In recent years, there has been an increased interest in minimizing the need for annotated data in NLP. Significant progress has been made in the development of both semi-supervised and unsupervised learning approaches. Semi-supervised approaches are already showing remarkable empirical success, with models that exploit mixtures of labeled and unlabeled data obtaining best results in several tasks. Examples include part-of-speech tagging (Suzuki et al., 2008), named entity recognition (Turian et al., 2010), and dependency parsers (Sagae and Tsujii, 2007; Suzuki et al., 2009; Søgaard and Rishøj, 2010). Although unsupervised approaches have proved more challenging than semi-supervised ones, their further development is particularly important because they carry the highest potential in terms of avoiding the annotation cost. Such approaches can be applied to any language or genre for which adequate raw text resources are available.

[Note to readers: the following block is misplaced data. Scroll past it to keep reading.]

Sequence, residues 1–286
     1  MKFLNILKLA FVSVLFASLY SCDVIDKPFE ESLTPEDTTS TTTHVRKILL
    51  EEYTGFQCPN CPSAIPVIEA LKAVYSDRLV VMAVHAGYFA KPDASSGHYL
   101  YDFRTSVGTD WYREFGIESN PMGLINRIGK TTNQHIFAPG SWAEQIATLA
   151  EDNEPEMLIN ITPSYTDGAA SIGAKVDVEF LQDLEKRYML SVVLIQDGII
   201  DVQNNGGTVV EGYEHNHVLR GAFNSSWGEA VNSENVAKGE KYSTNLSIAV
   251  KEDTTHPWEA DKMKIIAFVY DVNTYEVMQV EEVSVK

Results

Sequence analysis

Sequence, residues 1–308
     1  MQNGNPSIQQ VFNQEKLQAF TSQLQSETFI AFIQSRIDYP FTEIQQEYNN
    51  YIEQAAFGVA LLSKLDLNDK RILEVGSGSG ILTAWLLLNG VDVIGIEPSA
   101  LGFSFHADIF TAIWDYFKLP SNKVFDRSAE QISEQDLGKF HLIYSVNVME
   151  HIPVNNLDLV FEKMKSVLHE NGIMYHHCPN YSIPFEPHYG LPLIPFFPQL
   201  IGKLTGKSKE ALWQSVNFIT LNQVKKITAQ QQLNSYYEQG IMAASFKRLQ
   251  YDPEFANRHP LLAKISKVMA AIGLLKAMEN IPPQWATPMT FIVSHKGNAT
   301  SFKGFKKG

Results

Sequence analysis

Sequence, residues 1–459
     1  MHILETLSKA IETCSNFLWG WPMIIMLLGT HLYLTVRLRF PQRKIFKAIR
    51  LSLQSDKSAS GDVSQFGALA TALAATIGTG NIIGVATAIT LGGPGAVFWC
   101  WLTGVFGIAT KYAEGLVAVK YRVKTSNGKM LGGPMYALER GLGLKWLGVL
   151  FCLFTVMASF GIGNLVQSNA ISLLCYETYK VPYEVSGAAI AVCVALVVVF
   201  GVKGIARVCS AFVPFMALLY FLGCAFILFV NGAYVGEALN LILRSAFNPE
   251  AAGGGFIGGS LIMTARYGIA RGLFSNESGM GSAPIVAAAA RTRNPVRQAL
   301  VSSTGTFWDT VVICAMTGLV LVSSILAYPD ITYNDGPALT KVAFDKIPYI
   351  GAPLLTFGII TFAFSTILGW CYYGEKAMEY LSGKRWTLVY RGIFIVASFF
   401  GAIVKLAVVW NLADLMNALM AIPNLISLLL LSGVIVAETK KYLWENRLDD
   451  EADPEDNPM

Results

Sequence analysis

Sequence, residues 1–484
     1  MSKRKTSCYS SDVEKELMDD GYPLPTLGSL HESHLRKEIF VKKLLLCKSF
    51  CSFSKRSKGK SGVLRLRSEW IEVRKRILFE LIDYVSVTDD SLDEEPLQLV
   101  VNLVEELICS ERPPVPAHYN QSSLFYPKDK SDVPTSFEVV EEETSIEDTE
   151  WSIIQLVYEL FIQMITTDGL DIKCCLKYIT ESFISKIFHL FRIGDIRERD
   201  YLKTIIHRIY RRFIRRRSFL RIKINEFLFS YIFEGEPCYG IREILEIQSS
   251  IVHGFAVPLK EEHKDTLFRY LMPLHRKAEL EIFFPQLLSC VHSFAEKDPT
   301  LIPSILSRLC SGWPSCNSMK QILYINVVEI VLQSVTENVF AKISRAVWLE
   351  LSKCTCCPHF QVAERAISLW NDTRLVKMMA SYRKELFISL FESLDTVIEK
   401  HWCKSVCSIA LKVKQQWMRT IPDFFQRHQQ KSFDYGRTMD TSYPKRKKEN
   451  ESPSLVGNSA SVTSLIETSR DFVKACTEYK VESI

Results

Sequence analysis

This workshop aims to bring together researchers dedicated to designing and evaluating unsupervised and semi-supervised learning algorithms for NLP problems. The workshop will accept submissions in any topic related to unsupervised and semi-supervised learning. However, specific focus will be given to two special themes: robust algorithms and explorations of the continuum from unsupervised to semi-supervised learning. Robust Algorithms: By more robust unsupervised or semi-supervised learning algorithms we mean algorithms with few parameters that give good results across different data sets and/or different applications. Many algorithms including EM, self-training and co-training are very parameter-sensitive, and parameter tuning has therefore become an important research topic (Goldberg and Zhu, 2009). We explicitly encourage submissions that present robust algorithms or evaluate the robustness of known algorithms. The Continuum from Unsupervised to Semi-Supervised Learning: The distinction between unsupervised and semi-supervised learning approaches is often not very clear, and we explicitly encourage submissions about grey-zone approaches such as weak and indirect supervision, learning from nearly free annotations (e.g. html mark-up), joint learning from several modalities, cross-language adaptation, and learning with knowledge-based priors or posteriors.